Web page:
By Liz Solleder
Photos by Susanna Kemp
Feb 9, 2019
I absolutely love Rainbow Kitten Surprise.
Their music has been a significant component of every Spotify playlist I’ve made, possibly ever, my friends and I have spent many a car ride singing “Fever Pitch,” I admire their unique sound and am uncontainably proud of their success. “Cocaine Jesus” came across my shuffle as I was writing this.
Which is why I’m having trouble writing this review, because their performance at the Riv lacked something for me. It felt a little…off.
Granted, there were technical issues with one of the microphones before the show could even get started, forcing them to take the stage 30 minutes late. This surely contributed to a sense of antsiness among the crowd, yet when they did appear, they did so with full-energy and a whole-hearted explanation of their tardiness, thanking the crowd for sticking around.
The first two songs, “Matchbox” and “Freefall” were great, yet by the end of the first ten minutes I started to feel weird about what I was seeing. Their performance seemed to lack something genuine. Frontman Sem Melo and guitarist Darrick “Bozzy” Keller (the two founding members) frequently broke into what I assume were supposed to be heartfelt, tender moments between the two, but they seemed so choreographed I couldn’t buy it. Their performance was somehow child-like, with unnecessarily dramatic moments: like they were trying to synthesize emotions that they weren’t really feeling. Maybe it was a lack of comfort being in front of an audience, but I felt as though I wasn’t really seeing the people that make up RKS, I was watching characters try to act like what they thought the audience expected from them. And unfortunately, this unnatural performance made the set seem repetitive, almost like watching bad theatre. I hate to say it, but I found myself checking the set list to see how many songs we had left.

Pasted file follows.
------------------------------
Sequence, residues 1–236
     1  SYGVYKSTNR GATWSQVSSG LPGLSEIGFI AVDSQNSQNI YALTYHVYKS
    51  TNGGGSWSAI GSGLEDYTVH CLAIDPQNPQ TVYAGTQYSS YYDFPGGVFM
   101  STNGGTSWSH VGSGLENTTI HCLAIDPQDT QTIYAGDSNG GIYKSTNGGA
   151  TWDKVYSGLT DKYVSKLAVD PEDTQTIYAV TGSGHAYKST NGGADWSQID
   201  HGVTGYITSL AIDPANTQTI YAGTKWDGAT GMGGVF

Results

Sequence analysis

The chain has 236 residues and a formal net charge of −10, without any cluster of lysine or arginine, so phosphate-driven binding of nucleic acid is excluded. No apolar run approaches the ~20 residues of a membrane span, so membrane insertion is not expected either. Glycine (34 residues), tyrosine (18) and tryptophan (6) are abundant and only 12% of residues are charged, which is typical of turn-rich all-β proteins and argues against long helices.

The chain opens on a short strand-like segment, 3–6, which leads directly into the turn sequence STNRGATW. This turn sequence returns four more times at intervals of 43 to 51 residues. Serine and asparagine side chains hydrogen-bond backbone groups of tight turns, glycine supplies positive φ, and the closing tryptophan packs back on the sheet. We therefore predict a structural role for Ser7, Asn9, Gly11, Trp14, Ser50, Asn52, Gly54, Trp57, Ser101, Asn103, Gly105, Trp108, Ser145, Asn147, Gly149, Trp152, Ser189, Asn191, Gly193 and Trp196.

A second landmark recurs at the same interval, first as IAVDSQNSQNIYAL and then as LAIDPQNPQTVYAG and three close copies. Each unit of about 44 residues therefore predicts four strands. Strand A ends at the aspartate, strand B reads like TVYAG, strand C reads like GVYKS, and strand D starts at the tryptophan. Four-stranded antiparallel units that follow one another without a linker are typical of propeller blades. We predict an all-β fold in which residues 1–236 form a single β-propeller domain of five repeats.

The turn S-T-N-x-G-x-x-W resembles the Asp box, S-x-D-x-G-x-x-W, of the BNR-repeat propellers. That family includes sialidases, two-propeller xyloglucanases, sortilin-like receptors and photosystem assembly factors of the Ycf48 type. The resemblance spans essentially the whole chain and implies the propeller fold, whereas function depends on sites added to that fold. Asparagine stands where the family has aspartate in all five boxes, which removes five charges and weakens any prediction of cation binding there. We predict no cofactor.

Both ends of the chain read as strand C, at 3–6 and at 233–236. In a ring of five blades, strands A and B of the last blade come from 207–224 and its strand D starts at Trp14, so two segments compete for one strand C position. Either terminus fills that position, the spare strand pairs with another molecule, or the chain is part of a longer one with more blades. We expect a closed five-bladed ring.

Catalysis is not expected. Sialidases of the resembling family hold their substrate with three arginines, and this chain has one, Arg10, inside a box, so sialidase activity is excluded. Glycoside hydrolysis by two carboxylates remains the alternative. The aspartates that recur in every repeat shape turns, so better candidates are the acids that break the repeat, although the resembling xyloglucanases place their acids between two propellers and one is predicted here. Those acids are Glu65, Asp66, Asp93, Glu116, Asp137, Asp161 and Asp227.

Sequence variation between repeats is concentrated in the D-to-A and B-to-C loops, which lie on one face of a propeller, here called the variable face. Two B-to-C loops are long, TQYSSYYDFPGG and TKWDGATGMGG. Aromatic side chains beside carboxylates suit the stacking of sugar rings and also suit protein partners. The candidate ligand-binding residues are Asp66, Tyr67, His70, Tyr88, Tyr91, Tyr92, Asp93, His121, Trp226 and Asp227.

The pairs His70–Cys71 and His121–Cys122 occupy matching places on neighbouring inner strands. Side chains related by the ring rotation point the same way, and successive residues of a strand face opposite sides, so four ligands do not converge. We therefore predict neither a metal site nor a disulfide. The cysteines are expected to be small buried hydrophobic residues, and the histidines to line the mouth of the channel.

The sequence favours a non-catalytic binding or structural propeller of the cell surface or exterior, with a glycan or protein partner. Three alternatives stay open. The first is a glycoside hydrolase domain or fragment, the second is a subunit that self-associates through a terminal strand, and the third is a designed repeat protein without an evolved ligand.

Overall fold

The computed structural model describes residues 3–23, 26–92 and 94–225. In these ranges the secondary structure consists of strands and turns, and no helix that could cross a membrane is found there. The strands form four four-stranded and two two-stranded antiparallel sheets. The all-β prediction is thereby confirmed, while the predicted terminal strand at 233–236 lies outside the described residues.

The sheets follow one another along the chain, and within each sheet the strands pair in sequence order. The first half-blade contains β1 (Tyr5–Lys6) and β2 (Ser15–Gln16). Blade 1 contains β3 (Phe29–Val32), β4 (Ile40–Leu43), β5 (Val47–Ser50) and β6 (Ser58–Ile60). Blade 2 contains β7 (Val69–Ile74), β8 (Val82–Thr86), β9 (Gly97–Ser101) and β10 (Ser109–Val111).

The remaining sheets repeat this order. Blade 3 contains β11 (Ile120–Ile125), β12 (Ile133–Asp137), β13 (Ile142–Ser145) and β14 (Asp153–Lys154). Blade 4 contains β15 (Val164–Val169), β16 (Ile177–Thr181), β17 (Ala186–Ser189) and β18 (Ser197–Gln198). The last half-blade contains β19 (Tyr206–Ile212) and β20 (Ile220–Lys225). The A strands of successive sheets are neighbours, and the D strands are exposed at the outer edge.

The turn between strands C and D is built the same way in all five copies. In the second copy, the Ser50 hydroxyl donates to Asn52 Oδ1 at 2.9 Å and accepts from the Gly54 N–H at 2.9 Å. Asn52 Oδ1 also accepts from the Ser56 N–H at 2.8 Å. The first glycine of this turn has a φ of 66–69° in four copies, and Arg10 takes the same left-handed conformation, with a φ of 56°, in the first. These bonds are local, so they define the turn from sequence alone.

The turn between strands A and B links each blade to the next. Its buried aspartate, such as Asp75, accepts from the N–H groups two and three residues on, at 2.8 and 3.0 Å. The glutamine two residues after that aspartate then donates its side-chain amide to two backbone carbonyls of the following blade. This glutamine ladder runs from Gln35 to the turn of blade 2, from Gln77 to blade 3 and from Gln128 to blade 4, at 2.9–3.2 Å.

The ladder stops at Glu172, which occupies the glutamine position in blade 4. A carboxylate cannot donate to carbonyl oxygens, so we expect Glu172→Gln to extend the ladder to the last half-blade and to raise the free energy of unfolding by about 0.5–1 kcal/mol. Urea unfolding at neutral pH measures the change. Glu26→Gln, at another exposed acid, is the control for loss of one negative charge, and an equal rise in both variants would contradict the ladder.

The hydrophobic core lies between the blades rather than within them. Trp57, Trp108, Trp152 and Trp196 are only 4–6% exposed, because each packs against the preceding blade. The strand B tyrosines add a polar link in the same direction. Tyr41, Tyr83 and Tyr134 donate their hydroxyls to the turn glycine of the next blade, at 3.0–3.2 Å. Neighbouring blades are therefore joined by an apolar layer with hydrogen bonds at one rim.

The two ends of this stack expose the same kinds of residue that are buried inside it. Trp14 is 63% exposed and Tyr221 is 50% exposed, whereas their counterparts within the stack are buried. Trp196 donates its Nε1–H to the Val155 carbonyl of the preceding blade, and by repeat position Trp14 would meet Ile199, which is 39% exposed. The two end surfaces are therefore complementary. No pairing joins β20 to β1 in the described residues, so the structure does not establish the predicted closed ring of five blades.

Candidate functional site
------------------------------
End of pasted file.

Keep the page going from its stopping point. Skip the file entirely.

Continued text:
There is good news though! Their music was still incredible, with chilling harmonies from Keller and bassist Charlie Holt, an absolutely lovely acoustic “First Class,” mesmerizing lightwork, and a sincere “thank you” from Melo to the entire production crew, all the way down to the people working the merch table. The encore was super fun, with “Fever Pitch” and an rejuvenating “Run” to finish in which guitarist Ethan Goodpaster used a beer bottle as a slide while hovering over the audience at barrier.
In the end, I still enjoy Rainbow Kitten Surprise. I’m not going to stop keeping their discography on a lifelong repeat. And I look forward to seeing them continue to grow as musicians and become more comfortable in their live performances, enough to let their true, authentic selves show.